Kate Steinle’s father: We didn’t coin ‘Kate’s Law’
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Kate Steinle’s father says he doesn't want his daughter's name at the center of political controversy following passage of a prominent bill targeting undocumented immigrants.

“I don’t know who coined ‘Kate’s Law,’” Jim Steinle told San Francisco Chronicle editorial page editor John Diaz for a piece published Friday. “It certainly wasn’t us."

The comments came in a piece titled "Leave Kate Steinle out of the immigration debate," which called for public figures to stop invoking her name in the immigration debate.

The House passed a bill known as "Kate's Law" in June, which increases maximum penalties for undocumented immigrants who illegally enter the country multiple times after they have been deported.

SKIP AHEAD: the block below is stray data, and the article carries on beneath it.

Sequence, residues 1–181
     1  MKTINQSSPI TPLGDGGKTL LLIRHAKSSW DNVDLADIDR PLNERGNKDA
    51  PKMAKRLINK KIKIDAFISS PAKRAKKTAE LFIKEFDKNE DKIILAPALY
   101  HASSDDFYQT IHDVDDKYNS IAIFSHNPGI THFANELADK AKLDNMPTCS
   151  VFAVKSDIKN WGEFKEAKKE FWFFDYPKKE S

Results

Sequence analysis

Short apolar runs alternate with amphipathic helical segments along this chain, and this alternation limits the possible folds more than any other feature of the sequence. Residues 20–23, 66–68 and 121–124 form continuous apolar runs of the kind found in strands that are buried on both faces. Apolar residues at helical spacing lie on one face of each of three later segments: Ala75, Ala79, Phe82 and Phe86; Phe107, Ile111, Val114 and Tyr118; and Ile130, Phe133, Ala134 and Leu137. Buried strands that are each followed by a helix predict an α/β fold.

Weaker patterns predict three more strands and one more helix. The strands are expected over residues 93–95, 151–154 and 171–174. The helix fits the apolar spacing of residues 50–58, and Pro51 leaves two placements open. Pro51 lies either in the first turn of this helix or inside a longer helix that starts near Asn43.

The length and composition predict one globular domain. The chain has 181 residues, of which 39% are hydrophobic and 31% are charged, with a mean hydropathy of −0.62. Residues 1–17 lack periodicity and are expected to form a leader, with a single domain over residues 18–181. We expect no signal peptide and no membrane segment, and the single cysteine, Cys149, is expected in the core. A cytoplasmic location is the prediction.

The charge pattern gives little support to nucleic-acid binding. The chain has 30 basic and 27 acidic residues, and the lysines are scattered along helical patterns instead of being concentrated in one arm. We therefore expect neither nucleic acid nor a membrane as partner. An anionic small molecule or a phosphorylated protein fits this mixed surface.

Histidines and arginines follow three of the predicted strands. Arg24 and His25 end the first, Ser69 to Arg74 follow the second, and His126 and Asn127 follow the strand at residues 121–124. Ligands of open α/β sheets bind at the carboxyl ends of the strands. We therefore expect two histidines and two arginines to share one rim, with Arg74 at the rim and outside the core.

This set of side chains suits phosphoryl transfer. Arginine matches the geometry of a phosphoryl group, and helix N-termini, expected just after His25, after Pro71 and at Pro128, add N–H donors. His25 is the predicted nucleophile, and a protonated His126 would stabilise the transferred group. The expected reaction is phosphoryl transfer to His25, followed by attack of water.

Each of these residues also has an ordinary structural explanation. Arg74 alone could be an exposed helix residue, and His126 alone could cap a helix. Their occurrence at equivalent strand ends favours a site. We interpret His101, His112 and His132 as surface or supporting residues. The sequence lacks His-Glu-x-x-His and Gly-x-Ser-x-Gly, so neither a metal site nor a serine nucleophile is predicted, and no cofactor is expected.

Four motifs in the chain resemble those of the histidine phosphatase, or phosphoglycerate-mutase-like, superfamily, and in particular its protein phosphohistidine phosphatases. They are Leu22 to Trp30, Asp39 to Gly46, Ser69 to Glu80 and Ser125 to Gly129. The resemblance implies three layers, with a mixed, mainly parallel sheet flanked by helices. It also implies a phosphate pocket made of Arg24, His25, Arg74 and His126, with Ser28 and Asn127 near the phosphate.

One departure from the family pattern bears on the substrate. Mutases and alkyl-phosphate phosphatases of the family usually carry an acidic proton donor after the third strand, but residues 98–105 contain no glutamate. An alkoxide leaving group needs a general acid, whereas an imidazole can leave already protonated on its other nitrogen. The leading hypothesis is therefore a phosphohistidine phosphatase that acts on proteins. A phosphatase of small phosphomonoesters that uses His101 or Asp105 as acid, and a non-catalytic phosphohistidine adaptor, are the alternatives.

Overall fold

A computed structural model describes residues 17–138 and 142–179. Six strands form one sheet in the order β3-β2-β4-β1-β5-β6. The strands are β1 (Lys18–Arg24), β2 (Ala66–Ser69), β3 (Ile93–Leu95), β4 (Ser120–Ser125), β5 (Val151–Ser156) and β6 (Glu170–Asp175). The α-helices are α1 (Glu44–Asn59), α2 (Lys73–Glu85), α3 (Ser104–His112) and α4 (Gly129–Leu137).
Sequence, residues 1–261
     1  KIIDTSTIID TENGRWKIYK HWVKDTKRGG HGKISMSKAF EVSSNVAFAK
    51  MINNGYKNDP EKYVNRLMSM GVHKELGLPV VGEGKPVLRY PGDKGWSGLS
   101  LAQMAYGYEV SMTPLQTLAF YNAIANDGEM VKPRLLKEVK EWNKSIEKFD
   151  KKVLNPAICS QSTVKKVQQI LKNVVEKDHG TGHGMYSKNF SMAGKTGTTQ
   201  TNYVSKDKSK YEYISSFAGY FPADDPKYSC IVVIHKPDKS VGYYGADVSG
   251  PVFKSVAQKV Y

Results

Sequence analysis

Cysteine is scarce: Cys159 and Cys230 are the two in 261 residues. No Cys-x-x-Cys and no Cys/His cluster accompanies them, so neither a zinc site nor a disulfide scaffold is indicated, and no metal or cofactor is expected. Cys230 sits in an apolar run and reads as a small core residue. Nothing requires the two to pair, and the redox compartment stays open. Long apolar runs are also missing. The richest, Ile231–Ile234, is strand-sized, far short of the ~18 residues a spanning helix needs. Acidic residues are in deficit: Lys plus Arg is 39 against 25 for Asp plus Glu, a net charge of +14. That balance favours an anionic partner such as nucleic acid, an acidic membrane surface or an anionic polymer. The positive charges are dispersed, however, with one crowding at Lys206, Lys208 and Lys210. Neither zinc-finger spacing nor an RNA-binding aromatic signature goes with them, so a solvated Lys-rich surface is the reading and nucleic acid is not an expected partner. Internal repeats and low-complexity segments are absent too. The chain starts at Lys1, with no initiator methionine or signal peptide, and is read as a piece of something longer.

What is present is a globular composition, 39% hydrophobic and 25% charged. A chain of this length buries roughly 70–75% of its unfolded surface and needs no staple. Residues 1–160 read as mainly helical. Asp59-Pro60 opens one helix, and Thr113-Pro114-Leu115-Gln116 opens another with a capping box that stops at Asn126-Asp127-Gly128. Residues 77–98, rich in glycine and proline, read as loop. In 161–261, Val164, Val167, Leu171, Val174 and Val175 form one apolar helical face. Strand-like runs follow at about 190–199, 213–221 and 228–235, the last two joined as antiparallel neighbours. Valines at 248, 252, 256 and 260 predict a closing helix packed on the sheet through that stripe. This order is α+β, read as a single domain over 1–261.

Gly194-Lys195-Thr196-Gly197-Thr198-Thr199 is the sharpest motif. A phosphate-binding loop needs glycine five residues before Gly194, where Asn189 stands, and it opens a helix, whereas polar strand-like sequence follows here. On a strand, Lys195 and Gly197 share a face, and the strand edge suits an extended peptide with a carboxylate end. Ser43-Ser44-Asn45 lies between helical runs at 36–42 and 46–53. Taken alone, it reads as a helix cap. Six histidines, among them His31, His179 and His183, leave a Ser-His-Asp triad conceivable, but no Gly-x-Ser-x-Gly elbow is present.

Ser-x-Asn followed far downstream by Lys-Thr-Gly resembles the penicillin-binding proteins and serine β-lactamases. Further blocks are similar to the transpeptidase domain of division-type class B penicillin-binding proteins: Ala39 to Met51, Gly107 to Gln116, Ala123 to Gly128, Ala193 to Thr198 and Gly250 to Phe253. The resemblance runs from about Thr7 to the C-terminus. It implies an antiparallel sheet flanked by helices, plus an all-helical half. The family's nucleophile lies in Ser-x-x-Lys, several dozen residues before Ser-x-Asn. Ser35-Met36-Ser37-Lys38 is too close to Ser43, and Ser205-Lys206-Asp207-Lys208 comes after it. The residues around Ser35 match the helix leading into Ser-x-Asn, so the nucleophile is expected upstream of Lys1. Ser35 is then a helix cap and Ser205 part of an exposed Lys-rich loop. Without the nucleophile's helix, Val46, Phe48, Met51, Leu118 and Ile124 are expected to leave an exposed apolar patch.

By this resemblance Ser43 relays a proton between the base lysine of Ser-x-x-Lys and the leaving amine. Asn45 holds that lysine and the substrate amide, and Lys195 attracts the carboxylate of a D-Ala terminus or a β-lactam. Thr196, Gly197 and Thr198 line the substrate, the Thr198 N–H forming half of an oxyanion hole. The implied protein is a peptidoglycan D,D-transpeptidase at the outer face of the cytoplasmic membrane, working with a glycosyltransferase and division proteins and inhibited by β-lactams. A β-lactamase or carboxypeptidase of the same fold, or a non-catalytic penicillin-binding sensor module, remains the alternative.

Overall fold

Lawmakers invoked the death of 32-year-old Kathryn Steinle, who was fatally wounded while walking the San Francisco waterfront in 2015 by a felon who had been deported to Mexico on five previous occasions.

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Her father told the Chronicle he would support "Kate’s Law" if it would save lives, but said he would rather have his daughter’s name kept out of it.

Kate Steinle became a talking point for many on the right, including President Trump, in the immigration debate, with her death often being used to argue against sanctuary cities.

However, Steinle’s parents told Diaz in 2015 they were not necessarily against sanctuary cities.

“We didn’t have a stance against sanctuary city,” Jim Steinle said in 2015, adding “We wanted to make darn sure that people understand that, because that’s kind of the hot-button issue locally.”